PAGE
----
Flossing and the Art of Scientific Investigation

by Larry Emmott on November 28, 2016

in Future Tech,General,Health Care Politics

Woman cleaning teeth with floss

From The New York Times: Responding to This:

And dentists know from a range of evidence, including clinical experience, that interdental cleaning is critical to oral health and that flossing, properly done, works. Yet the notion has taken hold that such expertise is fatally subjective and that only randomized controlled trials provide real knowledge.

Source: Flossing and the Art of Scientific Investigation – The New York Times

The Times makes the same argument as me. So called “Evidence Based” medicine sounds right, in fact it sounds obvious. Who could possibly be against using sound science to determine proper medical / dental care? The problem is whose evidence?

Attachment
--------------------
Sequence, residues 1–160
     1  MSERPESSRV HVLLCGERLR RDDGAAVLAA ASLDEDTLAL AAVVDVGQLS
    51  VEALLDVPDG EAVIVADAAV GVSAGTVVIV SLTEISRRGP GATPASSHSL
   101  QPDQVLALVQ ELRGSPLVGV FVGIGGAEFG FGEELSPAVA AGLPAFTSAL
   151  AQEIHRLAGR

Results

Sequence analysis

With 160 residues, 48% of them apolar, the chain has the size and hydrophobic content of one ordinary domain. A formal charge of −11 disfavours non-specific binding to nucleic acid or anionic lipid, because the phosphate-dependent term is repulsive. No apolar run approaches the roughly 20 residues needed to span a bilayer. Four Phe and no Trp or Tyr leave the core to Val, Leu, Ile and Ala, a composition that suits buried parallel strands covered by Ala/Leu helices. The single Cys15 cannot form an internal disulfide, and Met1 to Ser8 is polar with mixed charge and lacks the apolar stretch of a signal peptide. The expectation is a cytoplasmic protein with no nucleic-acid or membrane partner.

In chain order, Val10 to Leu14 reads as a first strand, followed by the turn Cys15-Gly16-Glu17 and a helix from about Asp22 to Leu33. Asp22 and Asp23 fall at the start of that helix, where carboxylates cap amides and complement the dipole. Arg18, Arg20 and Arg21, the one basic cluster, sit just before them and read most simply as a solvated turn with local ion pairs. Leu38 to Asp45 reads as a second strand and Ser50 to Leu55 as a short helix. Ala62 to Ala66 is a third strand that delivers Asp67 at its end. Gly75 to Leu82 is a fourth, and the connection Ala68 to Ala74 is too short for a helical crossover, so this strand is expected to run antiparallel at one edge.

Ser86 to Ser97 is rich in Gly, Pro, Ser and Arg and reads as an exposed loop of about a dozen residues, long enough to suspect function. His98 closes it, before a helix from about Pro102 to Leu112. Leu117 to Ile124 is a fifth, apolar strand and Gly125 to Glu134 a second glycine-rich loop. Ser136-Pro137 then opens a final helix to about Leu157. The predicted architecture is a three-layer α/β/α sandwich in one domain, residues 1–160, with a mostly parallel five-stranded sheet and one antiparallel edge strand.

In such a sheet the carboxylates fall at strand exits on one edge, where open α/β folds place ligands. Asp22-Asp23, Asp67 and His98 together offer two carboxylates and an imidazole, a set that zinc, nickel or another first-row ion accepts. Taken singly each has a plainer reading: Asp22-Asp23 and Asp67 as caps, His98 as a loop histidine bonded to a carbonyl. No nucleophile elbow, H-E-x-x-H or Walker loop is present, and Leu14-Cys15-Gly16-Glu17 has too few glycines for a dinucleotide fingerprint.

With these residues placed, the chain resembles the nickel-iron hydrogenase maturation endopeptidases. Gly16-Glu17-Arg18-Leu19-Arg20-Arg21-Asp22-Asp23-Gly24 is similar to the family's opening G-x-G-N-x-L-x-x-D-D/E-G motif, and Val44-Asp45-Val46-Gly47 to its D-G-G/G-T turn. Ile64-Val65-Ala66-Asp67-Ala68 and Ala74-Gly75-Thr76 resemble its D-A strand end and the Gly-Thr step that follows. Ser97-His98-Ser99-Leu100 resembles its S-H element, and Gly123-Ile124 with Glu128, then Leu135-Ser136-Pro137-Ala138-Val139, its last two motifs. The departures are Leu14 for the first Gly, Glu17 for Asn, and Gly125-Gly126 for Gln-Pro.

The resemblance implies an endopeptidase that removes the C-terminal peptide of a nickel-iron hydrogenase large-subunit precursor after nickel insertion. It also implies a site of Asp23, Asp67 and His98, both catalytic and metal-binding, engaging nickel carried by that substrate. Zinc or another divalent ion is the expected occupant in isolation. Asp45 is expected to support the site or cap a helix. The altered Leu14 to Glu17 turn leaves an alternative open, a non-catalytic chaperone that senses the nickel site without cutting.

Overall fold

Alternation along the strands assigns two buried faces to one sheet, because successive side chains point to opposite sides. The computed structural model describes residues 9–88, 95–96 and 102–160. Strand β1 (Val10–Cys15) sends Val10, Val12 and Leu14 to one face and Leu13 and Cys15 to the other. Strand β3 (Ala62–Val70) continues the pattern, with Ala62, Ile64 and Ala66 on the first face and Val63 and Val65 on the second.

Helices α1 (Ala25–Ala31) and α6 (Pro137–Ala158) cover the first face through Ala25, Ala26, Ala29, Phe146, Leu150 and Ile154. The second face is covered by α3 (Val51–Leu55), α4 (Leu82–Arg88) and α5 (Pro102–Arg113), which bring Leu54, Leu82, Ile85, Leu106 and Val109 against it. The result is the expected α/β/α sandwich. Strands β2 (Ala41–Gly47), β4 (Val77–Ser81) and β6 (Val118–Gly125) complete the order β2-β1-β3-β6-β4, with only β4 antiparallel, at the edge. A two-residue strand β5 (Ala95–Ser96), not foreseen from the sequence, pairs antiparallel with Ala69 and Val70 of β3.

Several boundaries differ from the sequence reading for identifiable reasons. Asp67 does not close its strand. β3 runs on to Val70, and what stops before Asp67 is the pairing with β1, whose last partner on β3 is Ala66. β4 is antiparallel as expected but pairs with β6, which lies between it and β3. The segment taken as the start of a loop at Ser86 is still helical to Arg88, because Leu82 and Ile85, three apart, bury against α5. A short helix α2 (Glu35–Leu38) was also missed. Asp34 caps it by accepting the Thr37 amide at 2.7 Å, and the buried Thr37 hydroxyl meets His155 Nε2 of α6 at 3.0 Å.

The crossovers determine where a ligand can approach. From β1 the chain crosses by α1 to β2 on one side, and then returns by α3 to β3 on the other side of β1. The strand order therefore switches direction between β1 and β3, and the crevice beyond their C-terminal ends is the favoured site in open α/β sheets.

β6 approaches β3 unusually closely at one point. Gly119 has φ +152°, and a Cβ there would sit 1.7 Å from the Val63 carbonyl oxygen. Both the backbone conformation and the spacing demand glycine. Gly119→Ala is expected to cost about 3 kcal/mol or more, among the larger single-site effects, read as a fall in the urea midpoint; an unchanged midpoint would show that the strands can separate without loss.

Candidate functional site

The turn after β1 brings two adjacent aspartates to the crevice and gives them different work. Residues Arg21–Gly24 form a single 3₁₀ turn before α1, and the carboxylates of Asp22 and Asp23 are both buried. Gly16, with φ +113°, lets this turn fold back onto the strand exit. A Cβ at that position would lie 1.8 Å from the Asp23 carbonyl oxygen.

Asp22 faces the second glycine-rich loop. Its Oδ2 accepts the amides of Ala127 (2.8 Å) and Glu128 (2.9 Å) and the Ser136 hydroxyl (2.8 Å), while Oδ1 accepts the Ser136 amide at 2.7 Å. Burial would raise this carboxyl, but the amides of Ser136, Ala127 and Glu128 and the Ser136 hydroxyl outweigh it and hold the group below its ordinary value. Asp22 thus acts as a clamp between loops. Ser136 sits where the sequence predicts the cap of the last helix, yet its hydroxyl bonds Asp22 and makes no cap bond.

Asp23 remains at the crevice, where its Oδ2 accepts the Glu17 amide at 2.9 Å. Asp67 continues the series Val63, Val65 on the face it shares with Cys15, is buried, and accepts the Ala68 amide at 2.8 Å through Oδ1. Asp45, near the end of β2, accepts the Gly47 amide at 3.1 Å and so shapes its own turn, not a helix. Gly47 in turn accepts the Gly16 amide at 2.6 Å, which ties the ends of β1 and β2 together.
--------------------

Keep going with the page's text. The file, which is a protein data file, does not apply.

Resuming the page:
The article points out that random trials and clinical experience are both valid. They are both evidence. We have come to fetishize the double blind trial as the “gold standard” and anything else is considered of lesser validity. However that is not necessarily true. In some perhaps many cases clinical experience is more valid than trials. The flossing issue is presented as a prime example.

Of course clinical experience or “expert opinion” is also subject to error. ┬áCommon knowledge and everyone knows results in the cognitive error of group think.

Both scientific inquiry and expert experience are needed. Do not fall prey to the sensational counter intuitive finding or allow third parties to dictate treatment based on selective “science”.

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